At the heart of the legal mess that led to a mistrial in the Dennis Oland murder case is the unseemly notion of “jury shopping.”
That’s when the Crown uses otherwise private information about potential jurors to screen for qualities that may help its case.
On Tuesday, Justice Terrence Morrison of the New Brunswick Court of Queen’s Bench declared a mistrial when he learned that a Saint John police officer used a police database to track all interactions would−be jurors had with police.
Some of that information was then passed along to the Crown during the jury selection process.
“That would leave an impression of potential bias that would taint the jury process itself and, potentially, the verdict that they might ultimately reach,” said Wayne MacKay a law professor at Dalhousie University in Halifax.
“The key point is that a jury is supposed to be as objective as possible. They’re supposed to make their decision strictly on the evidence provided to them. There’s concern when there appears to be some attempt at what’s called jury shopping. That’s at the heart of this.”
In a 2012 decision, the Supreme Court of Canada restricted police to checking only for criminal convictions — an automatic disqualification for jury duty.
Defence lawyer Alan Gold said Tuesday he found it hard to understand how the Saint John force could not have known about the ruling.
“When the courts talk, the police have to listen,” Gold said after the mistrial was granted.
“The cases in 2012 were notorious. They were landmark decisions. To find this island of ignorance here was a little shocking and surprising.”
The Supreme Court decided in 2012 that prosecutors and police had acted improperly in three cases when they went beyond checking for convictions, although the misconduct was not serious enough to quash the convictions.
The defence argued that the Crown had obtained an unfair advantage by having police do extensive background checks.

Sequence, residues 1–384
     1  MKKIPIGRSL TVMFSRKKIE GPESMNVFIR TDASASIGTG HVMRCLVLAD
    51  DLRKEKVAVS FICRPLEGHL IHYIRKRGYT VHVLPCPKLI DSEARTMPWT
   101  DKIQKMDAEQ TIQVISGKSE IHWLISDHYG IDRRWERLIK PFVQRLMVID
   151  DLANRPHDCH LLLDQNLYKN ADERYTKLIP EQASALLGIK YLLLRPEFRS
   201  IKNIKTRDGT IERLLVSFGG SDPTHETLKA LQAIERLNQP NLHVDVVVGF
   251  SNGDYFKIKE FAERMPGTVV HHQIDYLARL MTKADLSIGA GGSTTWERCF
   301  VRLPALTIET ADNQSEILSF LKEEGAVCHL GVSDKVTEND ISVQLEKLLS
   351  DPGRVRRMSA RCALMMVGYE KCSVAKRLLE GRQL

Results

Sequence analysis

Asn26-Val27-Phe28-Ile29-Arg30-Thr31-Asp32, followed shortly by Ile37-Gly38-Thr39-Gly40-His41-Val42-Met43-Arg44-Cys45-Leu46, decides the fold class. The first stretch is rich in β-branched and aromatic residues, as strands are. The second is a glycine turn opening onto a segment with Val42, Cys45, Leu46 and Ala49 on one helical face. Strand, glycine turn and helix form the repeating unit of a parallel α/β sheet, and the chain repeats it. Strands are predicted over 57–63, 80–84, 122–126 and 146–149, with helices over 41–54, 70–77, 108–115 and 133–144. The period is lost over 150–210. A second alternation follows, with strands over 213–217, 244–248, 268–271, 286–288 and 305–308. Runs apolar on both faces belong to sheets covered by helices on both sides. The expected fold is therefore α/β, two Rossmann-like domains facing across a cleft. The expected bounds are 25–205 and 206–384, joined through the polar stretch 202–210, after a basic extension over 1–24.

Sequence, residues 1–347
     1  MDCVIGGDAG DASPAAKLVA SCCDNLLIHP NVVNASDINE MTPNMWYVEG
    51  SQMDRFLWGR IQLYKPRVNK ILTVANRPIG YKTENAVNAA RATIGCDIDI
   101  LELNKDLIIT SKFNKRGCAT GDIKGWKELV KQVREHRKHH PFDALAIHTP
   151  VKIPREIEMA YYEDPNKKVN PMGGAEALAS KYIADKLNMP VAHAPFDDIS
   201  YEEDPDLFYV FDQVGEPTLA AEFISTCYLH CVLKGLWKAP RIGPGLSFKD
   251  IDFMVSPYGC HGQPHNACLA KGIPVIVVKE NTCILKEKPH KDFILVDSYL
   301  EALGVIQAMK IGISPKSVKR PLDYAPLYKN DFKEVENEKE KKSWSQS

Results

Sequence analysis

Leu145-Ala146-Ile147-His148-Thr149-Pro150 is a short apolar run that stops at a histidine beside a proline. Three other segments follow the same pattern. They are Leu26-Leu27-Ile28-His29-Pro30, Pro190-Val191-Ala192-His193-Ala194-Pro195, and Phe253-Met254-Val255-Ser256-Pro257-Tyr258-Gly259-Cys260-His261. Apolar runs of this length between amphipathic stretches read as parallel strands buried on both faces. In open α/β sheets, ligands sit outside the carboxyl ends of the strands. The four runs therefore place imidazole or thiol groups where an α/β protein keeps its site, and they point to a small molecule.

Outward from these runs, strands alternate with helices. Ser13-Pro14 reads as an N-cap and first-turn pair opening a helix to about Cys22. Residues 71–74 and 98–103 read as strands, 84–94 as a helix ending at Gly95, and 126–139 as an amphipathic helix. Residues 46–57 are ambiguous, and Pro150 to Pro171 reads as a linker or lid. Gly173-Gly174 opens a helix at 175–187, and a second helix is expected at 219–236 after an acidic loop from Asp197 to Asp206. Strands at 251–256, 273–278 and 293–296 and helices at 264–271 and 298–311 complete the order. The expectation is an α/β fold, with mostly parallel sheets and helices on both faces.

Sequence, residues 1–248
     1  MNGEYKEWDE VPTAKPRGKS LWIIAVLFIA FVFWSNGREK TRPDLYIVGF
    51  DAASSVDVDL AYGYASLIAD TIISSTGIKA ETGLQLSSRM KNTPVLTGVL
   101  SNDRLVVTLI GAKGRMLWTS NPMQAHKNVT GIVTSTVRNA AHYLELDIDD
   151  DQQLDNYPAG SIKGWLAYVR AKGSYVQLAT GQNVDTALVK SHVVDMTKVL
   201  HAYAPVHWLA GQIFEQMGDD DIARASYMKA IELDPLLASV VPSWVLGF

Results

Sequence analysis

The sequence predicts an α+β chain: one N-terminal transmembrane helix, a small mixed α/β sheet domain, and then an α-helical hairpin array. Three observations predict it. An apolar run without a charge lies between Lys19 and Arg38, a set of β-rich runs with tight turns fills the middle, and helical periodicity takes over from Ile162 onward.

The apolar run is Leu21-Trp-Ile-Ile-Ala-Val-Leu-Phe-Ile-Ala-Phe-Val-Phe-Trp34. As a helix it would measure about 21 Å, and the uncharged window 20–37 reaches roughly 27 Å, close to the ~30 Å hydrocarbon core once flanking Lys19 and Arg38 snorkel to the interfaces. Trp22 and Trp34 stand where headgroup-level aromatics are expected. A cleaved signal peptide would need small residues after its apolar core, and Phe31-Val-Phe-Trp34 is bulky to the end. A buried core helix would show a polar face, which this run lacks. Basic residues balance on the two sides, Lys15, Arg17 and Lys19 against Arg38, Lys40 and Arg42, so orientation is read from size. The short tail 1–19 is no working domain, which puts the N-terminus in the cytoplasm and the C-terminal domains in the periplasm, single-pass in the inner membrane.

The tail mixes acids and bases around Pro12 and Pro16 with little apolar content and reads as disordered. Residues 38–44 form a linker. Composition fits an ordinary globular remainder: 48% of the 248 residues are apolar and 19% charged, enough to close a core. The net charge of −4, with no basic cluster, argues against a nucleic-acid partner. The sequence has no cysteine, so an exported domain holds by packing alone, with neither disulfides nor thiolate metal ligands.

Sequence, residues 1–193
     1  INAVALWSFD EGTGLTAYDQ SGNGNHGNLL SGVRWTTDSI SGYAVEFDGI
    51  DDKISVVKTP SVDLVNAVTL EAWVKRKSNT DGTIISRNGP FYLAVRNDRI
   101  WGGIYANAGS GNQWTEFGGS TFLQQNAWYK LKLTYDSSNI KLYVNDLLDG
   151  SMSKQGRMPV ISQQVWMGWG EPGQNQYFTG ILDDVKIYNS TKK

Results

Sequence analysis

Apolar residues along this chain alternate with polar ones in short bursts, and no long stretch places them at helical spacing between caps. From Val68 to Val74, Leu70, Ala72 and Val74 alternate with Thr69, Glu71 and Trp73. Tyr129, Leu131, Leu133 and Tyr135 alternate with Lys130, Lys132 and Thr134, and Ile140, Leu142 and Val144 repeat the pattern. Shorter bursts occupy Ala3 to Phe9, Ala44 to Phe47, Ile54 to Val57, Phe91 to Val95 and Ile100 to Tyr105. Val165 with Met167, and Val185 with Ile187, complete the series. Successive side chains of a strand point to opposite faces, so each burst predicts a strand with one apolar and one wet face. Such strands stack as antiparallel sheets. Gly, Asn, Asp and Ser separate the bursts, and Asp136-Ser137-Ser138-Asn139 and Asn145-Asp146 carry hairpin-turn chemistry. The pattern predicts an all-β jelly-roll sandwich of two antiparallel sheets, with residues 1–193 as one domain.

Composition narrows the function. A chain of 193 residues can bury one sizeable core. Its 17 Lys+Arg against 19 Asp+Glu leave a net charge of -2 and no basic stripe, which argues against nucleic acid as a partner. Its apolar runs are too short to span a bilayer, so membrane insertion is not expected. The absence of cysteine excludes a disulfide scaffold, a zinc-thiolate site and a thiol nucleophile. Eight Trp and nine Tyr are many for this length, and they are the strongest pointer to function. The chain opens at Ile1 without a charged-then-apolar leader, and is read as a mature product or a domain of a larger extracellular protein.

In one case, Crown attorneys asked police in the Barrie, Ont., area to screen would−be jurors to see if they were “disreputable persons.”
The Crown used the information, which was not turned over to defence lawyers, to exclude jurors who might have been less favourable to the prosecution, the defence argued.
Abby Deshman, director of the criminal justice program at the Canadian Civil Liberties Association, said Tuesday the Crown’s obligation during jury selection is finding an impartial group.
“When the police go beyond looking for eligibility … it brings the entire process into question and impacts fair trial rights,” she said, adding that jurors’ private lives are off limits.
“We have instances where an individual’s mental health information was disclosed to the Crown,” she said. “There’s really a lot of private information in police databases. That information should stay private.”
Gold’s application for a mistrial in the Oland case argued that Const. Sean Rocca, the trial’s file coordinator, had gained access to a database known as the Crime Management System (CMS) during the jury selection process.
“Const. Rocca confirmed that ’absolutely’ during the jury selection process there were potential jurors that came forward where a CMS query led to discovering information about them,” the application says.
None of this information was disclosed to the defence, but Rocca confirmed that he offered his “opinion from time to time” to the Crown.
Gold called it “serious misconduct,” saying the Supreme Court had made it clear that jurors’ privacy should be protected from police database searches.
“The jury selection process was invalidated and a gross unfairness was committed upon Dennis and the defence,” Gold said.
In 2015, Oland was jailed for 10 months after a jury found him guilty of second-degree murder in the 2011 bludgeoning of his multi-millionaire father, businessman Richard Oland. Dennis Oland was released on bail last year after a court overturned the conviction and ordered a new trial.
The retrial is now expected to begin Wednesday in front of Morrison alone.
By Michael MacDonald, The Canadian Press